electrical panel question

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snipped-for-privacy@aol.com wrote:

so replace them as they go bad
plus arc fault breakers for

you can install GFCI without a service upgrade
plus the panel is mazed out.
unless expansion is warranted, being maxed out isn't a problem -- it just means you're using all the capacity you initially paid for
come

I seriously doubt the amount spent will be recovered in a sale
let alone

be specific -- what does an upgrade allow that you couldn't do separately?

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CJT wrote:

You know electric service is similiar to a appliance... What other appliances do you use forever? Its all well and good to save money but its smart money to invest in your home. upgrading does just that and trust me a 35 year old maxed out panel will be flagged by a home inspector as needing upgrading..
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wrote:

Still confused, it 'needs upgrading' why?
By code?
Your option?
later,
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tom the great, no doubt you drive a 40 year old car and never replace anything at your home or you wouldnt ask this........ you old 40 year old mower is still cutting grass fine?
theres a time for patch and make do, and if you pown a home upgrading should be a ongoing operation so your entire home doesnt need done at once
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wrote:

Of course there's a difference between actual upgrading, and replacing things for no reason.
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wrote:

Thanks for taking the time to reply.
I just don't see spending money to fix what isn't broke.
When I win the lottery, I guess I'll find new places to spend cold cash.
Thanks,
tom
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If you owned a home and looked as it as a investment besides being your residence you would understand.
if you do own a home do you ever fix it up beyond the minimum patch job?
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wrote:

Yes, but your premiss is wrong. When I do fix something, it usually means it is broken or needs fixing.
What is broken( or needs fixing) with his panel, requiring replacement/upgrading?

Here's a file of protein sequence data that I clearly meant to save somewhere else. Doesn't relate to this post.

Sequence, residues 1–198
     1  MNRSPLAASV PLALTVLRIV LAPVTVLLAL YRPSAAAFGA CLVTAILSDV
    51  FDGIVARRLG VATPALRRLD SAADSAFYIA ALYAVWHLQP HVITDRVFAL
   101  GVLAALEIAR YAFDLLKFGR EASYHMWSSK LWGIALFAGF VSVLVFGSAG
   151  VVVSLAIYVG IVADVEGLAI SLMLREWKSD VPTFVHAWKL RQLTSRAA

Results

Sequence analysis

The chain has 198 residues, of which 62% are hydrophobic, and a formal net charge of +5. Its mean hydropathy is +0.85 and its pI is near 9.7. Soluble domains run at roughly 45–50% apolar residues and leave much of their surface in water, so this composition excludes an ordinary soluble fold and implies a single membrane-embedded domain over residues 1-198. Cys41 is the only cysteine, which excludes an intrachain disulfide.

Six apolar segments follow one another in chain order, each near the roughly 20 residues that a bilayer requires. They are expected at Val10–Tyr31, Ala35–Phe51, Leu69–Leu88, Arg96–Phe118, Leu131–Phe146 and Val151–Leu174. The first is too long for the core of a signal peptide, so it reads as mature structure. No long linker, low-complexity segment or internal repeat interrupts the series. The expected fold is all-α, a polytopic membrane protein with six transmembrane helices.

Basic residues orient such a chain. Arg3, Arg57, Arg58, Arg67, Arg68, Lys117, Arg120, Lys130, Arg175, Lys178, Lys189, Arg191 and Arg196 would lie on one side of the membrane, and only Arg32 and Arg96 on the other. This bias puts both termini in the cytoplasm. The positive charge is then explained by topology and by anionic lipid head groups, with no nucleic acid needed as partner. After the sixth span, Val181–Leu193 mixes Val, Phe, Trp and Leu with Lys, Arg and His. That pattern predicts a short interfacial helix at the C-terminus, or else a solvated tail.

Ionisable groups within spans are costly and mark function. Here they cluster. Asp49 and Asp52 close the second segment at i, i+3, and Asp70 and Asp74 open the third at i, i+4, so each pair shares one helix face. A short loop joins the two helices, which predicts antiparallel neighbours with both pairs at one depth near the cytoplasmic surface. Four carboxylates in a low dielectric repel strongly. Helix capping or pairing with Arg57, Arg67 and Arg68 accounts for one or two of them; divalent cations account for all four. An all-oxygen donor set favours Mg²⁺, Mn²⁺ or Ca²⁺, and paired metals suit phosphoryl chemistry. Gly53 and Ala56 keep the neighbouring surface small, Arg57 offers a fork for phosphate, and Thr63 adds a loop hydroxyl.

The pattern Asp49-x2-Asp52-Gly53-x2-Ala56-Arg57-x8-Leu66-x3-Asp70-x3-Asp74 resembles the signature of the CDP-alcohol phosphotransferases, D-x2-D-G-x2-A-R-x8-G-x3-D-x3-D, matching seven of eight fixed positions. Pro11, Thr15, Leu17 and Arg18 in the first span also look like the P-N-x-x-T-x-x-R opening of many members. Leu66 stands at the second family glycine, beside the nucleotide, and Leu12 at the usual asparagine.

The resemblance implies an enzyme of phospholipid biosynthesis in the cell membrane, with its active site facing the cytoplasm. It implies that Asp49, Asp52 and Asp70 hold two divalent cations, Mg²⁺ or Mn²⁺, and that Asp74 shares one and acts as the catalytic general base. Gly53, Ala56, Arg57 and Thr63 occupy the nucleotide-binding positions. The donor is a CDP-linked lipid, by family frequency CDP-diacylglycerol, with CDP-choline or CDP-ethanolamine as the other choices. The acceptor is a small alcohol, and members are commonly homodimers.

tom
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wrote:

It was pizzled?
:)
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The problem is the lights dim for a second when the AC and heat come on. My microwave takes so much power it also dims the lights when it is on. My current plan is to get a volt and amp meter and hook it to the mains supply and watch the values when the AC comes on. If the voltage drops then I am told that the problem is the transformer located 120 feet from my meter. The transformer is unable to supply sufficient voltage. If the volts and amps don't drop (or drop very little) then the problem is something else.
Thanks,
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Jason wrote:

You have the right plan there. Jason. But just be damn careful if you really intend to "hook" an ammeter to the mains supply.
If there's enough "slack" in the mains feed coming into the panel to get a "clamp on" ammeter around each wire, one at a time, you could do it. But if there isn't, I wouldn't recommend trying to mess with those input wires, you probably can't kill the power on them without having the electric company come and "pull" the meter for you.
Actually, measuring the current isn't really the issue, if the current peaked too high the main breaker would prolly pop. It's the voltage you should be monitoring when you kick the AC and heat on. And if the AC and heat use 240 volts then monitor the voltage across the two hot input lines.
The power company's transformer may be OK, but 120 feet is sort of on the long side for a residential feed, and if the original installers skimped a bit on the feeder size that may well be where your problem stems from.
HTH,
Jeff
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